Many kids treat members of the staff at the priyut like surrogate parents, calling them mama and papa. Kravchenko, Tishenko and others know all the kids and their problems individually, and really do love them. The staff even takes a perverse pride in the fact that many kids, when they run away from their detdoms, head straight for the Solnyshko.
The scope of developmental problems at the Solnyshko is remarkable. The first thing I noticed is that most of the kids are very small for their age, a telltale sign of Fetal Alcohol Syndrome. After spending a little time with them, it was clear that they are all textbook examples of what happens when a mother drinks heavily during pregnancy.
The younger kids were extremely uncoordinated and hyperactive. It's hard to quantify, since all little kids are clumsy and like to make noise, but these kids were more chaotic than most. They were all sweet and really cute, but I don't envy the nannies, who work in pairs, charged with watching over fifteen hyperactive kids aged 3 to 9.
FAS symptoms were particularly acute in two sisters, Dasha and Ira, aged 6 and 7. Both have bright, irresistible eyes that always seem to be looking up hopefully, maybe because they are so small that they look like 3-year-olds. They are mentally stunted as well. Ira is the only kid in the priyut with a physical deformity - she has an opening in the roof of her mouth called volchya past, or wolf's mouth, that severely impedes her speech. She's scheduled for corrective surgery in Blagaveshensk in February. She could have had the work done before, but her mother would drink away the monthly pension Ira received for her disability. Once the girls were already living in the priyut, Kravchenko established contact with their father, who came to pick them up. But after taking a look at them, he declined.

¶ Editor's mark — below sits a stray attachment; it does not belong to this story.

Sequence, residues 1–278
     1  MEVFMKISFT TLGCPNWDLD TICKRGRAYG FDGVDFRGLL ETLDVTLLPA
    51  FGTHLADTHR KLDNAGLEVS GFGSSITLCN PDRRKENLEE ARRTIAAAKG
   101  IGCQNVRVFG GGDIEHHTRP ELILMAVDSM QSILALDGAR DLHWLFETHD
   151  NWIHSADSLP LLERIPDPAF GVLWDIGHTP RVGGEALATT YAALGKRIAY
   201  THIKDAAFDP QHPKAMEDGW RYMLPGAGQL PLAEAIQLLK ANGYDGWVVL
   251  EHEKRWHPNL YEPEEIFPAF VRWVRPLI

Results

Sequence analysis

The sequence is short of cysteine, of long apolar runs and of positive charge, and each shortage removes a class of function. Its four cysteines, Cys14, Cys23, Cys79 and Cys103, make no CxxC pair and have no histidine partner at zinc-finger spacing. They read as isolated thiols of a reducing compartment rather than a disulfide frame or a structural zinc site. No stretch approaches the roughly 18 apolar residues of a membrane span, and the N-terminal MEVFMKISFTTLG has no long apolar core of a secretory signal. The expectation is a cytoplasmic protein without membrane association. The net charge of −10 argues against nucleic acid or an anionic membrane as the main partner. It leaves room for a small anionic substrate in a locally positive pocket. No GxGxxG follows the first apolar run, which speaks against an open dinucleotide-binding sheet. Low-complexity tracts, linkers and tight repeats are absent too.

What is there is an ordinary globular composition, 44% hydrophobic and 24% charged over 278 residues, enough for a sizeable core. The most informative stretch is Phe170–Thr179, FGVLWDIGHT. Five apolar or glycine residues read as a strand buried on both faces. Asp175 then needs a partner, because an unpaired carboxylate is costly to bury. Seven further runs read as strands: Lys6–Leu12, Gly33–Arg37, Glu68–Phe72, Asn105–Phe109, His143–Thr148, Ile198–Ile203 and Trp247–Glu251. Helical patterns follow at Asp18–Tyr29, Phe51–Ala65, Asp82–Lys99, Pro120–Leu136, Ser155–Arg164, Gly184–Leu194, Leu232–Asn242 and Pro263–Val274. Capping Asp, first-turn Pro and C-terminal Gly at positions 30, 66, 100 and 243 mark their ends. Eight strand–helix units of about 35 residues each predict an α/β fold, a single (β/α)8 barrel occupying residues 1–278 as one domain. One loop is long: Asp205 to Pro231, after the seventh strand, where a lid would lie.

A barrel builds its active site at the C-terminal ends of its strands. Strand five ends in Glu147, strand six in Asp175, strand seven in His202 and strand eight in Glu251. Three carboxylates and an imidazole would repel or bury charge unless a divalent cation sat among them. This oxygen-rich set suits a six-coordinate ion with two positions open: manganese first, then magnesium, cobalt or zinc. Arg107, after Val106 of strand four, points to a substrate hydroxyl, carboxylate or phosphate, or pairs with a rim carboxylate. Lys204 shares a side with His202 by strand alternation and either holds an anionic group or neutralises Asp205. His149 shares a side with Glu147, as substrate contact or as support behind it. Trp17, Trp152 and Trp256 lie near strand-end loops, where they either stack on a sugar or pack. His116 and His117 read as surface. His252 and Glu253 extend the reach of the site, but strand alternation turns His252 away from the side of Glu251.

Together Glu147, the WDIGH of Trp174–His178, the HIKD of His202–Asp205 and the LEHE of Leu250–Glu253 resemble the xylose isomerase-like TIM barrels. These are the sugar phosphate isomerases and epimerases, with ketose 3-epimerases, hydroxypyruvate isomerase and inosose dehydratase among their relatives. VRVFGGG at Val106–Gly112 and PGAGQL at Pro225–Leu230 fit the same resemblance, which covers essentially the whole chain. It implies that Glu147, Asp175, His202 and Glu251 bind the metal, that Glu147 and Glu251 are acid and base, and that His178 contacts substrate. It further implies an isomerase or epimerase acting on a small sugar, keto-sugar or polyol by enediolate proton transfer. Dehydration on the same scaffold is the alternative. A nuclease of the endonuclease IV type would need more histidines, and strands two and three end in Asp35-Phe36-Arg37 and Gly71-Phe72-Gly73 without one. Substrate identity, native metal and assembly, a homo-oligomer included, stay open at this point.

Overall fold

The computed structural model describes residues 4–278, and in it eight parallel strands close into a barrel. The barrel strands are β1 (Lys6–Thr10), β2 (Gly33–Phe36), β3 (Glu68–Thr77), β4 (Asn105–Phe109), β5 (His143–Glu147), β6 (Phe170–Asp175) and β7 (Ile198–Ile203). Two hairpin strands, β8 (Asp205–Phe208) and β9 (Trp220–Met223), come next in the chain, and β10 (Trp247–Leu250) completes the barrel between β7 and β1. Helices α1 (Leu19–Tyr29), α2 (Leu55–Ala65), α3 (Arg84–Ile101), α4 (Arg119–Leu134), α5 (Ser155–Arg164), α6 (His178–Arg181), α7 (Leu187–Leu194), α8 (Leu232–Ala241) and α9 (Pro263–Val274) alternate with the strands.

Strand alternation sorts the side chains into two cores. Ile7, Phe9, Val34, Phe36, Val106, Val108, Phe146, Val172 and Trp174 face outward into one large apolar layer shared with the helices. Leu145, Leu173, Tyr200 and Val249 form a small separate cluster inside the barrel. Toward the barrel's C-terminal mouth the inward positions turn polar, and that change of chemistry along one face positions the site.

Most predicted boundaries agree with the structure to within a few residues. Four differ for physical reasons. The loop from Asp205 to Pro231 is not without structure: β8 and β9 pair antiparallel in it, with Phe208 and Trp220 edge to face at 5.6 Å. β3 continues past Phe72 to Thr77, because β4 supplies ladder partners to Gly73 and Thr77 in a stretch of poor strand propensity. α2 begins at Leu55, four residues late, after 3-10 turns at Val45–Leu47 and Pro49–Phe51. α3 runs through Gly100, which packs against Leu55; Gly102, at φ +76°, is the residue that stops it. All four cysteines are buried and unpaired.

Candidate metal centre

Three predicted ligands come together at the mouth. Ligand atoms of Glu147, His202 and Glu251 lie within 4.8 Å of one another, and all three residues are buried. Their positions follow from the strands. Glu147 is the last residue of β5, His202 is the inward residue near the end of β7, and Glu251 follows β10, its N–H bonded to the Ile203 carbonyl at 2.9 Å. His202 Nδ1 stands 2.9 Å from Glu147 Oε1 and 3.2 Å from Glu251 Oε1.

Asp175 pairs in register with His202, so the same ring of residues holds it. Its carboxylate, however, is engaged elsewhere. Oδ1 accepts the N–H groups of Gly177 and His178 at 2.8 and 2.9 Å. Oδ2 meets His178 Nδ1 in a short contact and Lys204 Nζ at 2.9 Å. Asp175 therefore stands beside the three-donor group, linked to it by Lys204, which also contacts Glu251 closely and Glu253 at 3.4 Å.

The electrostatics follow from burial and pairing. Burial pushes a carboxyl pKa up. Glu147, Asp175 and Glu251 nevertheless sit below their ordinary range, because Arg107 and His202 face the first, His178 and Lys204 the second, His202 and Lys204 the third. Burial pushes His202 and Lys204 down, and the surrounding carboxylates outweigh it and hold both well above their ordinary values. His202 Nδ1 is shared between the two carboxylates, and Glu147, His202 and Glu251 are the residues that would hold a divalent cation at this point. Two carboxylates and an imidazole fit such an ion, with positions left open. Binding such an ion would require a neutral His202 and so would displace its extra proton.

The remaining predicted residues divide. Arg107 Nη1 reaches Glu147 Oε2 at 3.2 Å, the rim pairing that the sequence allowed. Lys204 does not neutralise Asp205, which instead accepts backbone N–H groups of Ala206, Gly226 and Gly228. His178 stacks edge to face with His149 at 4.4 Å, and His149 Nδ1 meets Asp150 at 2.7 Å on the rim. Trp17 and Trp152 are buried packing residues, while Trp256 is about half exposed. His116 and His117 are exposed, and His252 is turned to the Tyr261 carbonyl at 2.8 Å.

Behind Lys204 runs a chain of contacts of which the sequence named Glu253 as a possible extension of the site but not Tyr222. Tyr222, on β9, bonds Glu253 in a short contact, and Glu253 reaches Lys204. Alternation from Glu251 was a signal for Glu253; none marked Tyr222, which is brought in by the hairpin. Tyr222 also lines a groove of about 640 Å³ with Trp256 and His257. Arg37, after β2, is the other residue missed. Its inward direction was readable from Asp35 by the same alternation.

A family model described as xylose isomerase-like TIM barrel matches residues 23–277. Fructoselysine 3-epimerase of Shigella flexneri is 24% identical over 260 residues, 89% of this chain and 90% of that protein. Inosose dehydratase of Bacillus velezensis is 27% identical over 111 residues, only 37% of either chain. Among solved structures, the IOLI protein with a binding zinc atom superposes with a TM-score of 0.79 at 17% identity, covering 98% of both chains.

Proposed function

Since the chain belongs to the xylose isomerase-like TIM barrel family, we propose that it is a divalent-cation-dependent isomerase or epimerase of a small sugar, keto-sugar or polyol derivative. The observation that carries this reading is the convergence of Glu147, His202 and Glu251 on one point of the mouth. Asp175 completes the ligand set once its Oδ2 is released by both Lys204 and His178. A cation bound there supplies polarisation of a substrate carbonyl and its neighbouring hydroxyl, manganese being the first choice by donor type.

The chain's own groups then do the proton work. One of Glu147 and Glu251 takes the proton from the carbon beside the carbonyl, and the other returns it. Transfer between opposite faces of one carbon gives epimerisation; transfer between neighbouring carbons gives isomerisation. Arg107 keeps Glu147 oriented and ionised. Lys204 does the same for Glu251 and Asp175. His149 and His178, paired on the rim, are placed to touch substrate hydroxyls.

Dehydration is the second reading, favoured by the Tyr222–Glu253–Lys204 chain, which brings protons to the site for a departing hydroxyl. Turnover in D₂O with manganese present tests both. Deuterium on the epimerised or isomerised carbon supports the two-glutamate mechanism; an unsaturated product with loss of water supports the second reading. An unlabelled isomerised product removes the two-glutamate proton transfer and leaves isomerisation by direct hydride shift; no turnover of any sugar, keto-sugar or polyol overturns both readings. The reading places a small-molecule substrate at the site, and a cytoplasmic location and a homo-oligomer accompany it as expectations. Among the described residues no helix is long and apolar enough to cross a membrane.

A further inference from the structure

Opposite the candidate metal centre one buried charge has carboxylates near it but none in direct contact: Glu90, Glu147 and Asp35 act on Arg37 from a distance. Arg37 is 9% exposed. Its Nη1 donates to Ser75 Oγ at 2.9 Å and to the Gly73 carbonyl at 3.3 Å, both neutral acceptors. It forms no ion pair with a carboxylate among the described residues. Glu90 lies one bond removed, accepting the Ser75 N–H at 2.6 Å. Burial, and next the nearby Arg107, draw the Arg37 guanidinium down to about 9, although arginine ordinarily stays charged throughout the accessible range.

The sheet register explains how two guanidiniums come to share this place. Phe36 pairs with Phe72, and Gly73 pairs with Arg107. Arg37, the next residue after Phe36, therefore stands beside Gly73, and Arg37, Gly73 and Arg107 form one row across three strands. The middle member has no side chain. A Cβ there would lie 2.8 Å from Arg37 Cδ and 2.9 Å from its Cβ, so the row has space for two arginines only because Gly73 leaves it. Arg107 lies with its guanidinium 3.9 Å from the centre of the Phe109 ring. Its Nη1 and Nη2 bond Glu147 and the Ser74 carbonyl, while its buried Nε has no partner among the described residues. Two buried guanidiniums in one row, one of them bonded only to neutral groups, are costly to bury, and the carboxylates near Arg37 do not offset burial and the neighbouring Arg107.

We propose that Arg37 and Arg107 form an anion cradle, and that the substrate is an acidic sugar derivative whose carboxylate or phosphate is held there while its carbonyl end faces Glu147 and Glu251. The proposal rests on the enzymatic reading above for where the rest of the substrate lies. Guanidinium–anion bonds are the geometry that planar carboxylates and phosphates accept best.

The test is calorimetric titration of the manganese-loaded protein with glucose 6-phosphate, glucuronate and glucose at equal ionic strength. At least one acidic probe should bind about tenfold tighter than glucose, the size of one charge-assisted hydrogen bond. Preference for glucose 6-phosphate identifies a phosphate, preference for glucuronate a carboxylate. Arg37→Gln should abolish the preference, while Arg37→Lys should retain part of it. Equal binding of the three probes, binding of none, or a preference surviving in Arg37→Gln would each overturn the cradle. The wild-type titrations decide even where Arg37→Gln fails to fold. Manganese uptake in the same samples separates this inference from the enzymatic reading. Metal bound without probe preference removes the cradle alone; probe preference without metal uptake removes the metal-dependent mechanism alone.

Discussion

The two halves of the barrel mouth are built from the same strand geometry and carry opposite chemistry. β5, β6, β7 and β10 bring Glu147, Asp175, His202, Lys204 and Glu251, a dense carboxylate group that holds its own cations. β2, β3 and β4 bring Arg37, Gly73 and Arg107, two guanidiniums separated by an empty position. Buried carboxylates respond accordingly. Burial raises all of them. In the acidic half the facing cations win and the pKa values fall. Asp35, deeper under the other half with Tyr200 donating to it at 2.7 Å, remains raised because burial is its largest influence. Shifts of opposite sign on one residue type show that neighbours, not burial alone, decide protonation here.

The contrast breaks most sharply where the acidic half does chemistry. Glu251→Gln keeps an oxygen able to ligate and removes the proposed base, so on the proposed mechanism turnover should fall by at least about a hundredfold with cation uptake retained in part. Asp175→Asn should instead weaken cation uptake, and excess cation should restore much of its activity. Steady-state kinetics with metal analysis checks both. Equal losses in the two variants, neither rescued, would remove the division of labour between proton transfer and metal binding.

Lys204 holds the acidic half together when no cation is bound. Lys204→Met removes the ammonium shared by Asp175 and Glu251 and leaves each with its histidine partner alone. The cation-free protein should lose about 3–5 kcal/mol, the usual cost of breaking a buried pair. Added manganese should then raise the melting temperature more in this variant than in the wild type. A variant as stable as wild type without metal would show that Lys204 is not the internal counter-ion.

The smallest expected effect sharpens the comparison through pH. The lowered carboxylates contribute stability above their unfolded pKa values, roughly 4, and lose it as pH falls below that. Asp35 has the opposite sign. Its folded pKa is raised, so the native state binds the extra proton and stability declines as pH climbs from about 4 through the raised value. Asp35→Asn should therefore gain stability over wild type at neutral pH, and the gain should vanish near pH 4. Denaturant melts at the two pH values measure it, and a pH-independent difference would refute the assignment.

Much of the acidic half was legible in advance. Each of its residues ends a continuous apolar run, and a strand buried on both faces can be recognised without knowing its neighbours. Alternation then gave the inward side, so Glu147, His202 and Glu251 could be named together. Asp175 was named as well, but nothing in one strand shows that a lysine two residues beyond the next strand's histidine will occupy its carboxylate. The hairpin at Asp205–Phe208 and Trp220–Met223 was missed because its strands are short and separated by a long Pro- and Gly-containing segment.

From what I noticed with the younger kids, they didn't seem traumatized by being abandoned; it's only with adolescence that the kids start manifesting psychological problems. The young ones are just kids, albeit ones who are behind the growth curve, both physically and mentally.
Ludmilla Aleksandrovna, the head nurse, said that pretty much every kid there shows some symptoms of FAS. They are constantly falling ill because of their weak immune systems, and many of the older kids have severe learning disabilities and difficulties in school. It is hard to isolate the cause of these problems, since many of these kids didn't attend school regularly before moving to the priyut, and they have ample reason to have emotional issues that would also surface as learning disabilities. The growth defects could also be due to malnutrition. Still, no one doubts that FAS contributes to their troubles.
Some of the kids had never been to school before moving to the Solnyshko. One family of four kids from the Sershevo village, aged 13, 11, 9 and 8, studies in third, second, first and first grade, respectively. Most Russian 13-year-olds are in eighth grade, yet the oldest one from that family, Fedya, can barely read. He is one of the most outwardly troubled kids, constantly acting up in school and bullying other kids. The one boy with a black eye at the Solnyshko got it from Fedya.
During my visit, Fedya's illiterate 9-year old brother, Vasya, asked me to read a letter from their mother. Before I got through the opening greetings, Fedya had grabbed the letter and threatened to smack him upside the head for showing it to me. Later, when Tishenko read it to Fedya, the boy wept. Tishenko said that it was clear from the tone that his parents were still drinking and not about to make any effort to retrieve their children.
In the past, kids found by chance in the taiga have arrived not knowing how to use a fork or what toilet paper is. Nobody knows how many families there are out in the taiga living in conditions of poverty that stuns even the hardened workers of the Solnyshko.
Compared to all of these problems, the fact that some 30 percent of the kids smoke seems trivial.